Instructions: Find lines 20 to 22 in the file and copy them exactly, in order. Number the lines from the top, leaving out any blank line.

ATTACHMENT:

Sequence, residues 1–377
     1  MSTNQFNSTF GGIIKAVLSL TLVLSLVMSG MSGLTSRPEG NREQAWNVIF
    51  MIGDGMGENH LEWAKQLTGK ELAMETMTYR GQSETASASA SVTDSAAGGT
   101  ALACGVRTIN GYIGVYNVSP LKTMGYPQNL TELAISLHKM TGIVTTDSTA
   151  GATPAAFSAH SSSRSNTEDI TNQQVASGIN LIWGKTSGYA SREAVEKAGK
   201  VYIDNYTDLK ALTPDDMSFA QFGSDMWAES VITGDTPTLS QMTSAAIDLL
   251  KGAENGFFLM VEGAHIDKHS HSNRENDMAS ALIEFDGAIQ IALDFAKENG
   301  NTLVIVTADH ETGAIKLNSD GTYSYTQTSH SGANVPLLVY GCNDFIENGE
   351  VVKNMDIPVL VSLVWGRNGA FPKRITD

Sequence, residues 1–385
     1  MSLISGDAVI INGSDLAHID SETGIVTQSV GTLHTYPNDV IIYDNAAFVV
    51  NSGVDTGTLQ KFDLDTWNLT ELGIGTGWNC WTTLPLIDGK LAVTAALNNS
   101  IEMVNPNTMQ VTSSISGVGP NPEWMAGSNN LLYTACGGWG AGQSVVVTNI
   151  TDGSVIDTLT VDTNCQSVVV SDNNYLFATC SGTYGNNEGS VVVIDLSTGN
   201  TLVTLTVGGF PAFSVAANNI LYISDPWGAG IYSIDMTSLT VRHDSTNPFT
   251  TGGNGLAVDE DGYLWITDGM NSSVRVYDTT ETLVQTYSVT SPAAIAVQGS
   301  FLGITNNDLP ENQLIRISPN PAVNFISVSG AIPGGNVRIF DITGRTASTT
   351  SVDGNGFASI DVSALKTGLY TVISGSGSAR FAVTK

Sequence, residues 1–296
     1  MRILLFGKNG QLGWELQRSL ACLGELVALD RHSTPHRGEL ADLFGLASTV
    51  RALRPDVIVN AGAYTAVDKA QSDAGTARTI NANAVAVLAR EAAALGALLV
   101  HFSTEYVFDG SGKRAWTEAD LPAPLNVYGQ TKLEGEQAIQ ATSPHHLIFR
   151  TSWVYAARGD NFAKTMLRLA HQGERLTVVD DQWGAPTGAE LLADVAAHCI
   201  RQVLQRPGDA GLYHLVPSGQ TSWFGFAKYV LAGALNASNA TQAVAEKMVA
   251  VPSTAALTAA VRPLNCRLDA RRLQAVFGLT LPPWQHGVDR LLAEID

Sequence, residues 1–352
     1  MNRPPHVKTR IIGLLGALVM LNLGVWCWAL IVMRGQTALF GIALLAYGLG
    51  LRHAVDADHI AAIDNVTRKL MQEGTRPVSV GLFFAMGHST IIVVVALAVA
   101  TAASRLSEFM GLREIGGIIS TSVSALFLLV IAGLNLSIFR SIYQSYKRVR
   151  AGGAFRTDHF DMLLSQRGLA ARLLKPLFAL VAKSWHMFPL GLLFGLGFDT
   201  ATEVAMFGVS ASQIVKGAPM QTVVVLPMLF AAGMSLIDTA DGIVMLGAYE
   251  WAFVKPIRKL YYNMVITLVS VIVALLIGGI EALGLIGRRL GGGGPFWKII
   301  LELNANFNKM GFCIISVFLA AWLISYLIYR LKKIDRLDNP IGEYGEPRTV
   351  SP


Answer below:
     1  MRILLFGKNG QLGWELQRSL ACLGELVALD RHSTPHRGEL ADLFGLASTV
    51  RALRPDVIVN AGAYTAVDKA QSDAGTARTI NANAVAVLAR EAAALGALLV
   101  HFSTEYVFDG SGKRAWTEAD LPAPLNVYGQ TKLEGEQAIQ ATSPHHLIFR